This lesson will give you some more in depth information on the way you can access data: addressing methods. So what exactly does addressing mean? Well, take for example LD A,($1234). Here, the data comes from a memory address. With LD A,(HL) the data also comes from a memory address, but this is register indirect addressing. It happens through the HL register.
Register Addressing |
Immediate Addressing |
Immediate Extended Addressing |
Extended Addressing |
Register Indirect Addressing |
Indexed Addressing |
Relative Addressing |
Modified Page Zero Addressing |
Implied Addressing |
The data is in one of the Z-80 registers or registerpairs.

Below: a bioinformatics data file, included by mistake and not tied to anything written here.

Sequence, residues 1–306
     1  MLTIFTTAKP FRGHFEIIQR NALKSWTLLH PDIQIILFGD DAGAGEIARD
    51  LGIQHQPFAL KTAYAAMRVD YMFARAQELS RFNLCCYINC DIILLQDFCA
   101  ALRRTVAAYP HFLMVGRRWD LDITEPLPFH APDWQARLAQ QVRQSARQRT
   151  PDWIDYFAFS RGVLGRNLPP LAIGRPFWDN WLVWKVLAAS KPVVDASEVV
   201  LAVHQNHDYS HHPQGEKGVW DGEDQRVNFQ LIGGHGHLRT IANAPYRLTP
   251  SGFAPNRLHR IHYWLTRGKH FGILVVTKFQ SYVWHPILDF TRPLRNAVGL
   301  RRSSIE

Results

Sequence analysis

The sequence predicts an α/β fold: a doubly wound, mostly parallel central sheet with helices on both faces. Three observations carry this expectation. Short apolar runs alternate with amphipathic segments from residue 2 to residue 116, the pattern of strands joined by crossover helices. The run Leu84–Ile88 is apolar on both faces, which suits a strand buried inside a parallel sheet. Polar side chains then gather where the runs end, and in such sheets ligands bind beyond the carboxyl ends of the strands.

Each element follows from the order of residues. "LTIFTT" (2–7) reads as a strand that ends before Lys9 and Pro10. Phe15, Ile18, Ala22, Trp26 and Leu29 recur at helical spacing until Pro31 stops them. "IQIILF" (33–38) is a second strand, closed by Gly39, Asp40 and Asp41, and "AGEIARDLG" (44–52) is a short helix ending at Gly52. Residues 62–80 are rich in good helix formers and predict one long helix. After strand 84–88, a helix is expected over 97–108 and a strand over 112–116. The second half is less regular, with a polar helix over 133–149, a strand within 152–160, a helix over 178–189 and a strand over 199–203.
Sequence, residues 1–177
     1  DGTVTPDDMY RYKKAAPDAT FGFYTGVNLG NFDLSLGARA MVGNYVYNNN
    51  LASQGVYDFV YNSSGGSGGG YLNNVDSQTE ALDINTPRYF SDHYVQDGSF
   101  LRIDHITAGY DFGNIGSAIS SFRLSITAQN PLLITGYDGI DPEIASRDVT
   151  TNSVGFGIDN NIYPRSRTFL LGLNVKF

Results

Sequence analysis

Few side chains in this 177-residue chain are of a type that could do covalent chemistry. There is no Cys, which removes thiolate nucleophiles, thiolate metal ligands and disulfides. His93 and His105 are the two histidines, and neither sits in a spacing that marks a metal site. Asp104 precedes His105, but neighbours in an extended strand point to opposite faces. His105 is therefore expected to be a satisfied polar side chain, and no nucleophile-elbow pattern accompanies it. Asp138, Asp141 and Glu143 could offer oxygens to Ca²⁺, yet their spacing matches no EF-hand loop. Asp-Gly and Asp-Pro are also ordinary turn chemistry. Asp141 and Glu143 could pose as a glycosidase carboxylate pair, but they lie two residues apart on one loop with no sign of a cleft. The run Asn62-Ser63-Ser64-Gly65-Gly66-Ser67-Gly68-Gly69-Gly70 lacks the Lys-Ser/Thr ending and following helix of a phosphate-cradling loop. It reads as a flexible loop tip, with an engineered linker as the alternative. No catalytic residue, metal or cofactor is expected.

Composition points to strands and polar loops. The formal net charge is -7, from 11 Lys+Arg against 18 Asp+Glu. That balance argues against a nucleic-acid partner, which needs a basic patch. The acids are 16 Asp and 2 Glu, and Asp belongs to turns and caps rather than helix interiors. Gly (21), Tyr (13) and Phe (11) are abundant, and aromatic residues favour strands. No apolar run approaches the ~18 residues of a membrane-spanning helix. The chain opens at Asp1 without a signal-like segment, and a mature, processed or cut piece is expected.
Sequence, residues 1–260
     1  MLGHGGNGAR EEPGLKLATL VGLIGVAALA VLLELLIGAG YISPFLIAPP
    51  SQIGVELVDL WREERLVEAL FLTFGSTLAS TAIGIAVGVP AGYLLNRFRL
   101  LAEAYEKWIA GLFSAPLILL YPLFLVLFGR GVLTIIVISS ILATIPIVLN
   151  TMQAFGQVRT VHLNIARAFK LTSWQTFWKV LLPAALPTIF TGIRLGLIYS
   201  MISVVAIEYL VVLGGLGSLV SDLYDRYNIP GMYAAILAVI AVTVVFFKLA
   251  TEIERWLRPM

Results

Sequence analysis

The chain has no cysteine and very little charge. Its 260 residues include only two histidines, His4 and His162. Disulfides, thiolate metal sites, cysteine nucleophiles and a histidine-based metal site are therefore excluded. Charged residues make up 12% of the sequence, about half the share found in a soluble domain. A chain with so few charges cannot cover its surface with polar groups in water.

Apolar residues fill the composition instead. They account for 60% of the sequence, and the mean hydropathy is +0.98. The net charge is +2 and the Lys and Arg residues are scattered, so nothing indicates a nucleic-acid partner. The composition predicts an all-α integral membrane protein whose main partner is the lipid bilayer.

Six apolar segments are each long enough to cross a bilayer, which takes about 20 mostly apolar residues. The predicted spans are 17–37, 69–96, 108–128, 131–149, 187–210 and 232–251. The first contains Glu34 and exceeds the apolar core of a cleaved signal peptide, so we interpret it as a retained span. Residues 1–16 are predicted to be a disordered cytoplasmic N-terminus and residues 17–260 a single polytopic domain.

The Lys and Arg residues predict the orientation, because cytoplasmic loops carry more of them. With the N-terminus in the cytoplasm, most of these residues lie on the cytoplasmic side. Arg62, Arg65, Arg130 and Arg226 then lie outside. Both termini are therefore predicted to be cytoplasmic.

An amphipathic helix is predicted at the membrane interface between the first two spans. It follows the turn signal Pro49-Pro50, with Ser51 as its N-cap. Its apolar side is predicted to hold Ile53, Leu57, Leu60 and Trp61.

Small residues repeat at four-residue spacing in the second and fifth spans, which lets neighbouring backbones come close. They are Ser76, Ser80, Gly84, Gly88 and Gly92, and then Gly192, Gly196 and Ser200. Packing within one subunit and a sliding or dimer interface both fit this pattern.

8-bits data is stored in the memory immediately after the opcode for the instruction
Immediate extended addressing
Same as above, but the data is 16-bit this time
Immediately after the opcode, there is a data word. A call or a jump needs to
be made to that address or data needs to be received from that address.
Register Indirect Addressing
One of the register couples contains the address of the data
This way looks a lot like Register Indirect Addressing, but the Z-80 adds a
byte (signed) to the address first. It only works with IX and IY.
To save time and memory, an address can sometimes be given with only 1 byte
(signed). The real 2-byte address is then calculated starting from the
Program Counter (Address=PC+2+offset).
Modified Page Zero Addressing
The only page 0 addressing instructions on the Z-80 are the RST instructions.
The address is calculated by putting the most significant bytes to $00 and
the least significant byte to the given one.
One or both of the operands are not given in the instruction.
The Z-80 contains some instructions to set, reset and test a bit in a byte.
Previous lesson |